Matthew Harwood

Jungian Analysis, Psychotherapy, Internal Family Systems

Dream-Work ….

I have been studying dreams for over 40 years. My experience leaves me in no doubt, firstly, that every dream has meaning and, secondly, that every dream contains an important message or healing experience. This is even true of those dreams which we tend to dismiss as ‘just fragments’.

For example, I have found that dreams often provide invaluable diagnostic information about what is going on within the unconscious and/or some kind of clue about what needs to happen for the next ‘individuation’ step to be taken.

If you come to work with me in therapy you will be asked to keep a ‘dream journal’ in which you write all your dreams. Whether or not you choose to bring a dream to work on in a session is however entirely your choice.

‘Life has many twists and turns, and each of us has a destiny to follow and fulfil that is like a thread that weaves its way in and out of all that happens to us.  Our dreams help us find and follow this thread’   (John Sanford)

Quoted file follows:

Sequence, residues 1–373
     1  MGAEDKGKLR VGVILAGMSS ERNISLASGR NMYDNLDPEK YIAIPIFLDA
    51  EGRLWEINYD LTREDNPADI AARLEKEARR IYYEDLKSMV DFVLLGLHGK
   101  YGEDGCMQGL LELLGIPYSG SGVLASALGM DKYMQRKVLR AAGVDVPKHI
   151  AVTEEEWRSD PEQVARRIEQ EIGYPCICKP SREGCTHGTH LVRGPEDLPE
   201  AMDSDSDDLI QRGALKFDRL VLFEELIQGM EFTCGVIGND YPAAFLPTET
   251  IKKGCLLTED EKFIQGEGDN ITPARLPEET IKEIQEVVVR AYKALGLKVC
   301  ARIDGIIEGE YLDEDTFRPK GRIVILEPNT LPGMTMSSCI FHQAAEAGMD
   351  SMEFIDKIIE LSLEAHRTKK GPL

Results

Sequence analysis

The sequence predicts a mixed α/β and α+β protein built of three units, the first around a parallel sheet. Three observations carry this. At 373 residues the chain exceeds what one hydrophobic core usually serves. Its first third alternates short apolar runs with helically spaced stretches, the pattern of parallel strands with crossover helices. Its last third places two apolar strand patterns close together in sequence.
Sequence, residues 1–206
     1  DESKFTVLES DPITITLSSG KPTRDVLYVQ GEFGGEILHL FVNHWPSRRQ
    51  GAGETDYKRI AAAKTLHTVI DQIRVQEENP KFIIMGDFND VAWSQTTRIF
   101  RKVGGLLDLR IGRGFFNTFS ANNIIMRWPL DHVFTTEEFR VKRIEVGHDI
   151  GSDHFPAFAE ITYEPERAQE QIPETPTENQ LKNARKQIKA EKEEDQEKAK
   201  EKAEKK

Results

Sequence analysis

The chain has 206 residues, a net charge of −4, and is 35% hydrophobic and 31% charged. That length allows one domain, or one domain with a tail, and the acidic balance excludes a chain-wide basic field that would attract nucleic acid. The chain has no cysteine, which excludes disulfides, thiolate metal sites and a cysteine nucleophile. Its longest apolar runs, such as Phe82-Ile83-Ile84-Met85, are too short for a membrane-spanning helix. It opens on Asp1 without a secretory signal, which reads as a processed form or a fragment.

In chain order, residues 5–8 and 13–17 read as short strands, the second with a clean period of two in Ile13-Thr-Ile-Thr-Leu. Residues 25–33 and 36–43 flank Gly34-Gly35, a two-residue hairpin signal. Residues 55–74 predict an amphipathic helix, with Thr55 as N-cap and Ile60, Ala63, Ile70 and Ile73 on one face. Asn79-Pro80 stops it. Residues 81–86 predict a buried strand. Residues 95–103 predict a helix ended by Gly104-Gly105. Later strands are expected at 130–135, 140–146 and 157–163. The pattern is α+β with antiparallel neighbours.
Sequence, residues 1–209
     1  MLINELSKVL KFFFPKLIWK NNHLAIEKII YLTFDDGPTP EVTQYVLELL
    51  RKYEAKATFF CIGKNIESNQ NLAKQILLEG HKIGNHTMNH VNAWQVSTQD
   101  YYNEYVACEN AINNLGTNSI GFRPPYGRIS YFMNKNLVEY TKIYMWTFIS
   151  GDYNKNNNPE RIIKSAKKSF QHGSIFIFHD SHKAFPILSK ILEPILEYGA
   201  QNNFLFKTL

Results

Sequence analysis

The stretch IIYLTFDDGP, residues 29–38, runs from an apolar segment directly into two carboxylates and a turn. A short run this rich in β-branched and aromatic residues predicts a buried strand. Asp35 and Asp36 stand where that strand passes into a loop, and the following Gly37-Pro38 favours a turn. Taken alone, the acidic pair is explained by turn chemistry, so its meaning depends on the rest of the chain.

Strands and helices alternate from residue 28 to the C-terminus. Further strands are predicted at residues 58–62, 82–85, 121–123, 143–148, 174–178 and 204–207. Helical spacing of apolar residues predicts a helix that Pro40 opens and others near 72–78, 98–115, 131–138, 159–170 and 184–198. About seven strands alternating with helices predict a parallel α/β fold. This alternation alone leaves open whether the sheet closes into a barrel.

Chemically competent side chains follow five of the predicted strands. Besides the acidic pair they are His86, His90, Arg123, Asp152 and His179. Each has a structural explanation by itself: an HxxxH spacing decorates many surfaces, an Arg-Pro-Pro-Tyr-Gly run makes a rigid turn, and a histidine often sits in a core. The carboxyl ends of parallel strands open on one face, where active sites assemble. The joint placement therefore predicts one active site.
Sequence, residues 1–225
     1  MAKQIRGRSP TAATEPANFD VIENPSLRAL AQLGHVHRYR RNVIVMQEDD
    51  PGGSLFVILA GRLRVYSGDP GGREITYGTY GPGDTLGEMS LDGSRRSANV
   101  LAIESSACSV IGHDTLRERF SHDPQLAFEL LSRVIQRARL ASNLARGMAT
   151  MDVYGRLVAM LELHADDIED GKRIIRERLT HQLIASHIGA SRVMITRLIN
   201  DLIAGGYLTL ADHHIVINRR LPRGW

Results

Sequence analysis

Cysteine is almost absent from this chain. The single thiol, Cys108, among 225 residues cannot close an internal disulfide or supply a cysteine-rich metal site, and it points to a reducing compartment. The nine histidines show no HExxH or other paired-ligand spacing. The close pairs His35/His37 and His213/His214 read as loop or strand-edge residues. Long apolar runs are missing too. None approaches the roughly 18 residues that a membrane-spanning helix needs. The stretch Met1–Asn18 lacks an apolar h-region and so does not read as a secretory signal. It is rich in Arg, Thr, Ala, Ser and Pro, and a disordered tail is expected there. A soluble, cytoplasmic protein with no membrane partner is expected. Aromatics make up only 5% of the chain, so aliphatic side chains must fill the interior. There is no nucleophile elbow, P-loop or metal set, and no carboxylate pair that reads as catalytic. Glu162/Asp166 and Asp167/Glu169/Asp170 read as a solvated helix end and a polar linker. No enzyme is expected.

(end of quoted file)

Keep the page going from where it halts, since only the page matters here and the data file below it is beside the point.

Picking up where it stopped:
‘The dream is a little hidden door in the innermost and most secret recesses of the soul….’  (CG Jung)

 

Two Ways of Doing Dream-Work ….

There are 2 different ways of working with dreams in therapy:-

INTERPRETIVE Aiming to understand the symbolism and what the dream is trying to say.

EXPERIENTIAL Using techniques to work with the dream in a more direct way.

Quite often we will find ourselves ‘interweaving’ both methods.

The Interpretative Method ….

The INTERPRETIVE method was mainly how Jung used to work.  It consists mainly of discussing the dream and exploring the associations & amplifications until the deeper meaning starts to emerge.

The Experiential Method ….

Here are just a few of the techniques which I find it useful to employ:-

    • Using ‘active imagination’ to enter into the dream afresh and seeing what unfolds. This is sometimes called ‘dreaming the dream onwards.’
    • Using objects or sand-tray to recreate the dream in the room.
    • Using techniques from Gestalt Psychology and Psychodrama (eg the ‘empty chair’ technique) to bring the dream more alive and shift your perspective.
    • Using the technique of Focusing to feel into the ‘felt-sense’ of the dream and seeing what ‘felt-shift’ arises.
    • Using the tools provided by Internal Family Systems Therapy to dialogue with the sub-personalities.
    • Inviting you to paint or sculpt the dream in order to help you make a stronger feeling connection with the dream and let it ‘speak’ to you in a deeper way.

Conclusion ….

Whichever method is employed, working with your dreams in therapy can lead you more quickly into your underlying, core issues and accelerate the progress of your healing journey.